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New Daily Driver Detailer from the Frozen North (Maine)


ChevyGuy
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Hello All,

 

I just took delivery of a brand new black truck on 4/1 (I hope the joke isnt on me haha). Its a 2016 Chevy Colorado LT Midnight Edition which for me is a pretty big deal being my first new vehicle. This will be my daily driver and sadly I do not have a garage. Also with a wife and 3 kids I cant spend endless hours on my truck like I want to. So after scouring the internet I landed on this website and started watching adams videos. Now I come to the forums to verify / validate my research before I place an order. :-)

 

What I want to accomplish: Keeping my car as nice as possible and avoiding the evil swirl marks on my new black truck. I will likely be able to wash once a week (twice at most) outside and be able to invest 1:15 to 1:30 at most. The vehicle is brand new inside and out as what I hope is a good starting point.

 

Exterior:

 

Adams Daily Driver Kit (as followed by videos) with the following additions:

+1 Bucket w/ Grit Guard so I can do the two bucket wash method

+Wheel Woolie (as per video but not in kit)

+Adams New Wheel Cleaner (noted in video to work better)

 

Are there any other additions that would really help me out? I should be good to just start in on this as the exterior is brand new? No other prep?

 

I also have a leather tonneau cover? What should I use on that to protect it from the sun/elements?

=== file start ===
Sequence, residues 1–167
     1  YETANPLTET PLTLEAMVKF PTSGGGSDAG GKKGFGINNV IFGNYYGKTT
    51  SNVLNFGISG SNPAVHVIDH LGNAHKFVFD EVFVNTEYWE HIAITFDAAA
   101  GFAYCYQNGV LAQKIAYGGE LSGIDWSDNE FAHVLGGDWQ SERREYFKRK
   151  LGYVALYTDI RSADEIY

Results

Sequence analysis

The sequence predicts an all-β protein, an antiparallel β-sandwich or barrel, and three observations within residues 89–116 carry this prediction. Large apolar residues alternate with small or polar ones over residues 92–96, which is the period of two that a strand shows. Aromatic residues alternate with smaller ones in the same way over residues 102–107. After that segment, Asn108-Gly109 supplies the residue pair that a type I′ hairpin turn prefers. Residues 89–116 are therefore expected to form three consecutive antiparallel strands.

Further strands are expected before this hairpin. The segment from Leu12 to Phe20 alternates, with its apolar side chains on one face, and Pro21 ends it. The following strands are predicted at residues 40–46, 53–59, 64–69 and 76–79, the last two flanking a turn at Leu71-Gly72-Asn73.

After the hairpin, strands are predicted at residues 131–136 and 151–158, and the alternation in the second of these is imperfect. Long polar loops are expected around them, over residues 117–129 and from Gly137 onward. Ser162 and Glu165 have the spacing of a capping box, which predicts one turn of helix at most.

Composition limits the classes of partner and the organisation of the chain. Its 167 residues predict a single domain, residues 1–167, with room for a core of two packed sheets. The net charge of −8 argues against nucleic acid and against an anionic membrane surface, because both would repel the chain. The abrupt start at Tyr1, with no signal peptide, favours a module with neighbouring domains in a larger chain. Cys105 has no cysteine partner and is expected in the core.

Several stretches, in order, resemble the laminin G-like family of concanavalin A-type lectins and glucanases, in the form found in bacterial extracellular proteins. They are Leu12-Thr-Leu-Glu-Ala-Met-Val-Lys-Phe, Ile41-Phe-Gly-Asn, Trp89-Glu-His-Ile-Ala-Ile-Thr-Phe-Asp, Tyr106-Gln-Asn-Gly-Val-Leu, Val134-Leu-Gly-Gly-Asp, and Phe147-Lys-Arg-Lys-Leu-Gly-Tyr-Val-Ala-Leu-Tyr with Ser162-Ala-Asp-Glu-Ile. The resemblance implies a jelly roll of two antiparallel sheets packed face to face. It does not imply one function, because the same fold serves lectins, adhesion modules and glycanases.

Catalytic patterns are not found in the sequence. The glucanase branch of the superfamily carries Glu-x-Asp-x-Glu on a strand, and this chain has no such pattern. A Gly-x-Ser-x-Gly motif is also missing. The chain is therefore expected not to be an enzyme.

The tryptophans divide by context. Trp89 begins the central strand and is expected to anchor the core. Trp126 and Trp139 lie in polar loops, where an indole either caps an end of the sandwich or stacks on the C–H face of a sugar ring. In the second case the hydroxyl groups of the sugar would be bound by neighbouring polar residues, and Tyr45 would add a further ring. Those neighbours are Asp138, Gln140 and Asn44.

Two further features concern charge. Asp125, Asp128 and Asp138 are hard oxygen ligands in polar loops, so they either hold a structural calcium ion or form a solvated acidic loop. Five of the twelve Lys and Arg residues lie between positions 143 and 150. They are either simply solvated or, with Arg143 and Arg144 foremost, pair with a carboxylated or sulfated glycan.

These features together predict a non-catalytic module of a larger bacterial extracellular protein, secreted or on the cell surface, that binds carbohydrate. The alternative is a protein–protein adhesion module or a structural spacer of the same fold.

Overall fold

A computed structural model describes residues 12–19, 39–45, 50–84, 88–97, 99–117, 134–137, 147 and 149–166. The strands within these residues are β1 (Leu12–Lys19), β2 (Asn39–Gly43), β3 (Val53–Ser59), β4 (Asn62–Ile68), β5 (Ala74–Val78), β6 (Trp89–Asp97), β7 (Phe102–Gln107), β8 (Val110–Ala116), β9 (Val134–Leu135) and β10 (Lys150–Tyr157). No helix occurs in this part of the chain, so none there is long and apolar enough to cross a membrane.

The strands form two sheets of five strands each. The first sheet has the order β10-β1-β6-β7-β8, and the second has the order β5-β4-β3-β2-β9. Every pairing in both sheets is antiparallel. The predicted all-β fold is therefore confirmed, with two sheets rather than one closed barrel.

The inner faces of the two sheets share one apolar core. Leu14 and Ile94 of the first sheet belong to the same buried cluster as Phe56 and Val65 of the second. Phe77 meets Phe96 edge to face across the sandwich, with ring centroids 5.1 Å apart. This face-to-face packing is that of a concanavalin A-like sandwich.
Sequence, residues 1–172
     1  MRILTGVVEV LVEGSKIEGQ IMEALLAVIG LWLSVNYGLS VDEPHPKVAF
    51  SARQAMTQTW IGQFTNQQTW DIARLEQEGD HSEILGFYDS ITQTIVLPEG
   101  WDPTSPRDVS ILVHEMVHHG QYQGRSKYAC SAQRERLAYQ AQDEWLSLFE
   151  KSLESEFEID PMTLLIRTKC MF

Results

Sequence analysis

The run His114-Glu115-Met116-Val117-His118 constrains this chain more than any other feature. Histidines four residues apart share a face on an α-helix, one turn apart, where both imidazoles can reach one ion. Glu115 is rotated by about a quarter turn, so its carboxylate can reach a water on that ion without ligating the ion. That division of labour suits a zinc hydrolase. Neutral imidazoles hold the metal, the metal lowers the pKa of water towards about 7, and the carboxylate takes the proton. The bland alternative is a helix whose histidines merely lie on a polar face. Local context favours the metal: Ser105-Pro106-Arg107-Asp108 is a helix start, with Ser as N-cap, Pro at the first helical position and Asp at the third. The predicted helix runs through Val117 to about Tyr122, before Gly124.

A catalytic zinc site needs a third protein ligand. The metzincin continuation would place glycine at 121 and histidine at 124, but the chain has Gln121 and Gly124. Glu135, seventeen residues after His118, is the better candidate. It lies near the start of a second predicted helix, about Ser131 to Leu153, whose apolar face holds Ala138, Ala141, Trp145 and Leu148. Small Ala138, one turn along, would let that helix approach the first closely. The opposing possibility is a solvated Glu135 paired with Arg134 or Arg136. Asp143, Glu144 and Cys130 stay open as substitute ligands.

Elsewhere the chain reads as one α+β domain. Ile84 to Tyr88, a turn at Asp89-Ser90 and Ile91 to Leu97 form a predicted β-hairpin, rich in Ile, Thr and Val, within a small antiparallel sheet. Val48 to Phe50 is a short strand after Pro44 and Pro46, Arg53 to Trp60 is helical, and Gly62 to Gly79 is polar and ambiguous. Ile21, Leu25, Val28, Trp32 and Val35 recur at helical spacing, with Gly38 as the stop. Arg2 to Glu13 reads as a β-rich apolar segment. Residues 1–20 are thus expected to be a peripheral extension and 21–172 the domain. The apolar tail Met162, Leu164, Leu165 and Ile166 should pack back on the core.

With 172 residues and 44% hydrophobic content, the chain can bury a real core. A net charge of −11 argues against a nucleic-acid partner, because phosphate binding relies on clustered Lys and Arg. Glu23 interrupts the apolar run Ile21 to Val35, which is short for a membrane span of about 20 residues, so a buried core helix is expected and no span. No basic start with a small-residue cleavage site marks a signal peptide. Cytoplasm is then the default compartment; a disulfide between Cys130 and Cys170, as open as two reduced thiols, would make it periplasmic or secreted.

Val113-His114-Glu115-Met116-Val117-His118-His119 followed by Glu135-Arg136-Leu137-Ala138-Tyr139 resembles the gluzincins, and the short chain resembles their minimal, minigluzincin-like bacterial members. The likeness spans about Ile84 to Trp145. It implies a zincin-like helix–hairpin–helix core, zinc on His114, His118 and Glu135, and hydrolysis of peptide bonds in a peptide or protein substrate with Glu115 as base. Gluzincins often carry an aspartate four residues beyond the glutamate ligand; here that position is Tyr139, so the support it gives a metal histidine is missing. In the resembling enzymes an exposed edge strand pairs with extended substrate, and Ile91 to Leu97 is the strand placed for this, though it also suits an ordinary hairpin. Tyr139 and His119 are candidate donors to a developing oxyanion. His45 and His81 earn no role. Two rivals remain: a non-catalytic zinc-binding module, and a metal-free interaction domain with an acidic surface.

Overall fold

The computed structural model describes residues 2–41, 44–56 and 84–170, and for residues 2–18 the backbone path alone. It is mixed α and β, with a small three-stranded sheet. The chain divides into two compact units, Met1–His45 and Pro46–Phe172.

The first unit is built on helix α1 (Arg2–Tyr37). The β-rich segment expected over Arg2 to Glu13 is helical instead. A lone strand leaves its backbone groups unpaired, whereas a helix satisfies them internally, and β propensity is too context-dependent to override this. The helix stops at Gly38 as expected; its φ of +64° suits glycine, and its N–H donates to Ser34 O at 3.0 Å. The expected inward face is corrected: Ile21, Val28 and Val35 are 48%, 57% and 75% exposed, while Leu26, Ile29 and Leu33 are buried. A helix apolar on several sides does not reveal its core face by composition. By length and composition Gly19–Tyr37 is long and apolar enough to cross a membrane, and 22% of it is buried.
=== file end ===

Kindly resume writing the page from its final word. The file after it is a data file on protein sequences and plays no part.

Interior: 

 

Adams Basic Total Interior Detailer Kit: As the car is brand new its clean inside so I am hoping if I start using this immediately I should need no other products? Note, I only have the cloth interior so no leather to worry about.

 

What about the inside windshield? Anything special?

 

Thank you for your time and I truly appreciate your help. 

 

-Justin

 

 

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LT I assume has no leather? If so it sounds like your on the right track.

 

You're going to want some VRT and a block sponge for all your exterior trim.

 

Also going to want some Tire Shine and a block sponge for your tires.

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Sounds like you're on the right track. I have a 2016 Silverado Double Cab, before that it was a 2014 Sierra Double Cab. These big trucks take some time to detail so start early on a saturday and give your self plenty of time, nothing good comes from rushing through a detail.

 

The DD kit looks like a good deal, don't skip the clay bar. I would consider adding some liquid paint sealant twice a year and applying  and honestly if you can spare about 4 hours twice a year it would really be worth it at some point to give the truck a good polish with something like a porter cable da polisher and  adams paint correcting polish and paint finishing polish. If you do the washing right you shouldn't need the paint correcting polish every time.

Edited by imcrazy
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The daily driver kit is what I initially bought. Excellent choice there ball your basic tools cleaners etc needed for a daily driver. The addition of a second bucket and hurled is nice for the 2 bucket wash.

Only addition I made to the daily driver kit is the liquid paint sealer and the glass sealer. These 3 kits do wonders for daily drivers.